IN ANOTHER WORK, Taro Izumi attempts to draw by hand, using a marker on a television screen as the images rapidly change from the evening news to the latest game-show. As his hand is always slower than the electronic image, he is reduced to quick squiggling before erasing the screen and starting over. The short playful video can open the viewer’s mind to the impossible pace of electronic media, and how humans are unable to catch up, as the news is “on” every evening, and uploaded to the Internet every minute.

 The comical activity is also relaxing, with the constant erasure and redrawing of lines a seemingly good-natured way of trying to be in the moment, while admitting that achieving such a mindset is getting more difficult all the time. The absurdity of the work also brought to mind the famous video by the late Boaz Arad, in which he played with Hitler’s mustache using a marker, turning it into a full, lush mustache, then a beard, then adding side-curls – all acts that make fun of one of the most hated historical icons of the 20th century, while at the same time exploring the relationship we carry in our minds between Hitler and his famous mustache.

In 2006’s Llama, Izumi presents us with stills of various animals while imitating the imaginary sounds he thinks they make. The work brings to mind a world without animals in which a lone human leafs through the pages of a large encyclopedia attempting to remember them and pretending he is not lonely. The piece acquired a tragic note after the death of the last known white rhinoceros in March 2018, and the extinction of the Australian Bramble Cay melomys in February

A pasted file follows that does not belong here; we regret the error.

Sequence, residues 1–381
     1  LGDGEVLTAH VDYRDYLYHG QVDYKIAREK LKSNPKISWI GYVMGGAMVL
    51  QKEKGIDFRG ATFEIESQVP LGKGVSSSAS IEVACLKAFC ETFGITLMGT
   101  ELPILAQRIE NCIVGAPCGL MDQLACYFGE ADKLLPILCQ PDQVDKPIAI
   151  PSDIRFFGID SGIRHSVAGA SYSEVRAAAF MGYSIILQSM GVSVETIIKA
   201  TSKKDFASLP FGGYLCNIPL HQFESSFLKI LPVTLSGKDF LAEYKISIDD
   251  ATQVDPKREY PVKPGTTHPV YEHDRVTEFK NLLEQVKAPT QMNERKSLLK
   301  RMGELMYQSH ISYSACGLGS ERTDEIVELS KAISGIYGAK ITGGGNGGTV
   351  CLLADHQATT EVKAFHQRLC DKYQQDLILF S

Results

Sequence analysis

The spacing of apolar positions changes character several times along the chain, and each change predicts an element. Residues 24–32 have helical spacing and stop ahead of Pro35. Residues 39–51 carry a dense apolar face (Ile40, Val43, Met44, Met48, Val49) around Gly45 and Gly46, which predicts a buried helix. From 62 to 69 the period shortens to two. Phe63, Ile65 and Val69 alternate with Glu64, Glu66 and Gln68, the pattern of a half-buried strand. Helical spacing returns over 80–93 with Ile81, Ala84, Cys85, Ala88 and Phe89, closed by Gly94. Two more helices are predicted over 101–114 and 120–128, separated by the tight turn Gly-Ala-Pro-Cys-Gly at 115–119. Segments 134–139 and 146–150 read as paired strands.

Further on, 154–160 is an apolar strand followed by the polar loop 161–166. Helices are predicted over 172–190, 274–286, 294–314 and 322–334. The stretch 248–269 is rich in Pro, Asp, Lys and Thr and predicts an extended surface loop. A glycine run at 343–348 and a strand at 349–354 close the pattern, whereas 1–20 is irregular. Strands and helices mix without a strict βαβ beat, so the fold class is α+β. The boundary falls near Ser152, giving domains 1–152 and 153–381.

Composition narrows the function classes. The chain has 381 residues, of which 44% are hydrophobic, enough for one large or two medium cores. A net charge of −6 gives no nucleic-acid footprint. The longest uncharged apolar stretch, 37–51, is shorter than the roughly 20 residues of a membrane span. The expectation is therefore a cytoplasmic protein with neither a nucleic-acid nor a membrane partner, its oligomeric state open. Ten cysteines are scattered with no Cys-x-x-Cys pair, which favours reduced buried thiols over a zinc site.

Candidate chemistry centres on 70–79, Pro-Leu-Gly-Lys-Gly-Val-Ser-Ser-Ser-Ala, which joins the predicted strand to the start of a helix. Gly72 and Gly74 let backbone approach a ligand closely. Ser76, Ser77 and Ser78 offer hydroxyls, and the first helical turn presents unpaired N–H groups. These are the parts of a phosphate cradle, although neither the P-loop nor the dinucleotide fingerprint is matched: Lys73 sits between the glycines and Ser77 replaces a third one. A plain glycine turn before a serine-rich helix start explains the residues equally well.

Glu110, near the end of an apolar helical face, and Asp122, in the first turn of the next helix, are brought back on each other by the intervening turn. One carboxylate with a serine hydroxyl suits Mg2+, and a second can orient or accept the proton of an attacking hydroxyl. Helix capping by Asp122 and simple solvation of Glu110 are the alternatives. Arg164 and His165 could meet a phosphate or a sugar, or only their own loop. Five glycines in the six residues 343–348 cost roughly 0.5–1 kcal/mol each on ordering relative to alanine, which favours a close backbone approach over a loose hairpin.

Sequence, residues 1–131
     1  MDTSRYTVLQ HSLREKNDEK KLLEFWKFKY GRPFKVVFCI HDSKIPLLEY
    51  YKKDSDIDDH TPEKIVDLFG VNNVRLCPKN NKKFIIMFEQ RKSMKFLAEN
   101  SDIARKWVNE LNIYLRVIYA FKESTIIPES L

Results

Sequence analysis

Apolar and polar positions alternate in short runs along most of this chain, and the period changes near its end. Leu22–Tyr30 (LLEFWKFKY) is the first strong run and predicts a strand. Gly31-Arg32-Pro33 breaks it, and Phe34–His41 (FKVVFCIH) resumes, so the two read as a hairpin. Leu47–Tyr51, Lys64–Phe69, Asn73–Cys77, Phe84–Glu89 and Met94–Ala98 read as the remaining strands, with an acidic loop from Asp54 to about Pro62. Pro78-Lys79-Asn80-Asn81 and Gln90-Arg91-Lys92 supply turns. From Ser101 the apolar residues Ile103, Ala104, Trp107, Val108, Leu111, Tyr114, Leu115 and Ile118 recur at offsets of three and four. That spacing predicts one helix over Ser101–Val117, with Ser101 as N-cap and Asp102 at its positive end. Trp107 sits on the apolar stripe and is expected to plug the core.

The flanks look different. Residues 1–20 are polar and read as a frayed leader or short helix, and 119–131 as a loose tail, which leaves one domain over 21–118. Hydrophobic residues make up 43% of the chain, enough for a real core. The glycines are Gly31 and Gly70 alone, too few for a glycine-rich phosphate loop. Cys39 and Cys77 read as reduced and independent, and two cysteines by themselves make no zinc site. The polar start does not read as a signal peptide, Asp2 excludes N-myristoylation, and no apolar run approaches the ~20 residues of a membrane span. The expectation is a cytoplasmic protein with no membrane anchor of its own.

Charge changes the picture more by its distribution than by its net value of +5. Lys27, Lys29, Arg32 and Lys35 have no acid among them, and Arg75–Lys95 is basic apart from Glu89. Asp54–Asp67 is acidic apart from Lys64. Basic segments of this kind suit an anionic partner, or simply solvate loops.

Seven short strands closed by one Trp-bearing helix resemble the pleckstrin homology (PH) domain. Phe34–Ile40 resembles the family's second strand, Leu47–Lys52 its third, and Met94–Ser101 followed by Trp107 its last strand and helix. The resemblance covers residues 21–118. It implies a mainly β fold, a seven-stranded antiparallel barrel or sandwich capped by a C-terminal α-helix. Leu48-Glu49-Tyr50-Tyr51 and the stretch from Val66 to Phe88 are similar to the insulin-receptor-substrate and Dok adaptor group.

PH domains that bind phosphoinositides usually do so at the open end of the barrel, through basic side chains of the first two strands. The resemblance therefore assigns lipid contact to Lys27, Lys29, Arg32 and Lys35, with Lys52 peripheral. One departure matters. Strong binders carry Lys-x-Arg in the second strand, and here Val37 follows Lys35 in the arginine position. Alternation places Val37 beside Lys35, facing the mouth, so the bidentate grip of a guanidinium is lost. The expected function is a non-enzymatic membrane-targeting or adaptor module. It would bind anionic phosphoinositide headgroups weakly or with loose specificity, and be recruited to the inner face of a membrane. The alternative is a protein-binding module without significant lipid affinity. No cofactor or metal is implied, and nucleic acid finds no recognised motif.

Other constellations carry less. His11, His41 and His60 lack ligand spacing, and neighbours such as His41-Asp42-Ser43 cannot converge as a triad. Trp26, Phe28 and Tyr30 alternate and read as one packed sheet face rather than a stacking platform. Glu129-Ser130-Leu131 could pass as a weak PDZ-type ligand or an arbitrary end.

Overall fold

When an exhibition is selected by a major foundation to represent Japan to the world, and is presented in what serves as the de facto Japanese culture center in Israel, it is a little humbling to wonder what is the “Japanese-ness” of the assembled pieces. Walking past Samurai swords at the museum’s permanent display (Samurais are undoubtedly extremely Japanese), buying postcards with the reprinted works of Hasui Kawase and Katsukawa Shun’ei (prints are also most definitely Japanese), one wonders what makes Micropop Japanese. What special side of current Japanese culture is this exhibition bringing here?

“Turning the Lights On,” a 2007 video by Koki Tanaka, presents the possibility of an answer. The work is composed of a collection of moments in which light is turned on. A candle is lit, a music studio is illuminated, a kitchen light bulb begins to shine. The lights are not Shoji lamps, but plain, industrial light bulbs. The lamps illuminate Western-style rooms, painting studios and kitchens. They do not reveal scenes of cherry trees in bloom or the Tokyo skyline.

As the click of the light-switch is heard again and again, viewers have a chance to meet their own expectations – over and over. It is always the mundane that is being flooded with light. You’ve seen rooms such as these in other places. The ear begins to adjust to the sounds that accompany the appearance of light. Some clicks are soft, some loud, some metallic. As the video runs its course and restarts, the viewer is introduced to the moment – that fleeting thing which recedes when pointed to.

 

Winter Garden: The Exploration of the Micropop Imagination in Contemporary Japanese Art will run until June 23 at the Tikotin Museum of Japanese Art, Hanassi Blvd 89, Haifa.

Su-Th & Sat: 10 a.m.-7 p.m. 

Fri: 10 a.m.-1 p.m.